The OVP is on the passenger side of the engine compartment, under a plastic cover held down by five Phillips-head screws. Once you pull the cover off, you will see several relays and control modules. The one we want is just behind the relay marked HGS. It is simply slide-fitted into a plastic bracket. Don't twist it or you can break the plastic, just pull it straight up. The cable connected to the relay is long enough that you can raise it into the sunlight and get to the fuse. It is under the clear plastic cover and you will need either a fuse puller or a pair of pliers to yank it out and look at it.
If the fuse is blown, replace it and try the key in the ignition again. That may fix the Flash. If the fuse fails promptly again, you have a bigger problem. The relay itself may be bad. A new OVP can be found online for under $75. If it is not blown, just return the relay to its bracket and fasten the plastic cover securely back over the compartment.
The last step is the most radical because it involves taking out the instrument cluster from the dashboard, opening it up and replacing soldered-on components. If you have never soldered electrical circuits before, I do not recommend you learn on this project. The stakes are fairly high in that you can ruin your instrument cluster and then be forced to buy a new one at current retail prices.
The guidelines presented here are intended for people who have worked with circuit boards and soldering irons and discrete electronic components. If that sounds like you, then read on. The actual components are under $6 and the repair tends to be effective and durable. Watch the video first to help decide if this is something you feel comfortable doing.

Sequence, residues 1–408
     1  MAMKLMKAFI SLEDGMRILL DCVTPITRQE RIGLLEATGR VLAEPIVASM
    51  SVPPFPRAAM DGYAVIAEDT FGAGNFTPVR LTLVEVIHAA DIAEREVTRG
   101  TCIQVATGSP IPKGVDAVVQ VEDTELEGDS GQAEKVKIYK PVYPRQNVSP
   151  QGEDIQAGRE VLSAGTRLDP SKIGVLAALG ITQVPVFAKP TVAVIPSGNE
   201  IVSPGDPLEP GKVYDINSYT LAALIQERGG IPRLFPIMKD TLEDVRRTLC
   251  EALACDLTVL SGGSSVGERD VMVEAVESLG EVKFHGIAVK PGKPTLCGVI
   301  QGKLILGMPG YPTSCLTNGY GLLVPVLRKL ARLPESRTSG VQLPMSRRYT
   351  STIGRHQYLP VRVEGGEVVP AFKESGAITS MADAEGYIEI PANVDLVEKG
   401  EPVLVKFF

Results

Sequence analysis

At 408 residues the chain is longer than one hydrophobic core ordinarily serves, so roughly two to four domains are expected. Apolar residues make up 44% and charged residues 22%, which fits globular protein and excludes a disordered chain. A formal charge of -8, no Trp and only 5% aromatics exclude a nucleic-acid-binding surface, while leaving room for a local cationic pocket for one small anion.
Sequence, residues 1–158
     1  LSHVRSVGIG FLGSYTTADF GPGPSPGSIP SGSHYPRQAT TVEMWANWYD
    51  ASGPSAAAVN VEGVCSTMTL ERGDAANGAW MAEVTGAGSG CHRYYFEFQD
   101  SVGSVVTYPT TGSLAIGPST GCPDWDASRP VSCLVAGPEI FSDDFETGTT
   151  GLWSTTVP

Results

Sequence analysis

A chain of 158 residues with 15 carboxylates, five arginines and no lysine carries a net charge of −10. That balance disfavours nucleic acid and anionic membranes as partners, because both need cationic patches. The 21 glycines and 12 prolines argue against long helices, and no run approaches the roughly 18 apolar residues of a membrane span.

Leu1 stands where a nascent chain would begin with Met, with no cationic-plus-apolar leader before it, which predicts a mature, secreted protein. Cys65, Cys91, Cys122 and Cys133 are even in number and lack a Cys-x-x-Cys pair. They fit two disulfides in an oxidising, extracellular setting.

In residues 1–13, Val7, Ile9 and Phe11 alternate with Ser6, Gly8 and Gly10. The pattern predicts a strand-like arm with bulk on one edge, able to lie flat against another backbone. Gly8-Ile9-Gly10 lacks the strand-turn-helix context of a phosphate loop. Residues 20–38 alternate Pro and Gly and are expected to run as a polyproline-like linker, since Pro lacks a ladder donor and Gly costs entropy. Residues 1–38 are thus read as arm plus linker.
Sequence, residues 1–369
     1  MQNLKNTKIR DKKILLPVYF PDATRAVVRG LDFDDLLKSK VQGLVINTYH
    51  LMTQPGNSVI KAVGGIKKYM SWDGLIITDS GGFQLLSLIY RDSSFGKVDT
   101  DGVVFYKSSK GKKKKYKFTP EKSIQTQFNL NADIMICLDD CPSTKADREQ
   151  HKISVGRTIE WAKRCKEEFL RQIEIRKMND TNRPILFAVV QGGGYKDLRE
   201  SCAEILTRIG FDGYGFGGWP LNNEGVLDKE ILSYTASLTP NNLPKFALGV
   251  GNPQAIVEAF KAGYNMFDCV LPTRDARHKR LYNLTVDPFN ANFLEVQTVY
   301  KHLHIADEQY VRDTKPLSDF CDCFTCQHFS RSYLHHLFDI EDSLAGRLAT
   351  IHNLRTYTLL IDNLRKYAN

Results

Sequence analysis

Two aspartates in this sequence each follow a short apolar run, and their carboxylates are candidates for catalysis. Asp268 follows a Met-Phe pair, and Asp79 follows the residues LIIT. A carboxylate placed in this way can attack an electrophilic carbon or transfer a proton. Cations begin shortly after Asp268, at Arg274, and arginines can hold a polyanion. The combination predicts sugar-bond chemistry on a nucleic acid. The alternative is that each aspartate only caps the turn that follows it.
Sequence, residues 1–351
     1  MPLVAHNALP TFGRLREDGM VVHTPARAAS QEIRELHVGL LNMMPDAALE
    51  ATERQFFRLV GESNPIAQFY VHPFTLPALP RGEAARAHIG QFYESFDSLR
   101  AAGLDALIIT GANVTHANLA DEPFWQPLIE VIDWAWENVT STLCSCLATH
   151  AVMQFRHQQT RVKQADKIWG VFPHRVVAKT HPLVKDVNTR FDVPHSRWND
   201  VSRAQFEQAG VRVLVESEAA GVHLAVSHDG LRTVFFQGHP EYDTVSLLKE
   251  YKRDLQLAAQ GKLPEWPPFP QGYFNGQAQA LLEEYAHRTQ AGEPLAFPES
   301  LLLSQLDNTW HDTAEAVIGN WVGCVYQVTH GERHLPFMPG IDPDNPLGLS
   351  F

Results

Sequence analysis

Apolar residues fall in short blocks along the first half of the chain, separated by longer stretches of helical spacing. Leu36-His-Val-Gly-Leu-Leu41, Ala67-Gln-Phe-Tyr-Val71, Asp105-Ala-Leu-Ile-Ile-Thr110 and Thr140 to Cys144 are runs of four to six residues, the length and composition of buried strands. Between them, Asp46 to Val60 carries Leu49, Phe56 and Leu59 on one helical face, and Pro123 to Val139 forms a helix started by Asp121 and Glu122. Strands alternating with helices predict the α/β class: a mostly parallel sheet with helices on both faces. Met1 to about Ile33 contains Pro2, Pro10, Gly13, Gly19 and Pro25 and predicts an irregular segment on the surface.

Be aware of the polarity of the capacitor before you remove it and be sure to put the new part in with the same polarity position preserved. Do a clean and neat job, as there is a fair amount of vibration in a car dashboard as you drive. This means having no loose screws that can work their way out and short circuit things. Do not have any errant blobs of solder, either. This is a task where "neatness" really does count.
When you are done replacing the capacitors and have re-assembled the cover to the cluster, lay the assembly across the steering column, plug the connectors back in, but do not insert the unit into the dash just yet. You will want to test the function by turning the ignition key on and starting the car. The lights should behave normally without flashing and, once the engine starts, all of the gauges should register normally as well.
Putting the cluster back into the dash is just the reverse of taking it out. Line it up with the opening and work it back into the dash, pushing gently from side to side. Push only as hard as it takes to seat the unit. The clear plastic face can easily crack or chip otherwise.
If none of these steps repair the problem, you will have to seek out professional technical help. Replacement instrument clusters are available, both new and used, at the dealer or online. There are several mail order repair services that advertise on the web as well.
I would also highly recommend reading the several forum threads on this topic at Benzworld.org, which is an outstanding resource for Mercedes Benz owners. Mad props to the folks that have posted there about this topic!
Best of Luck!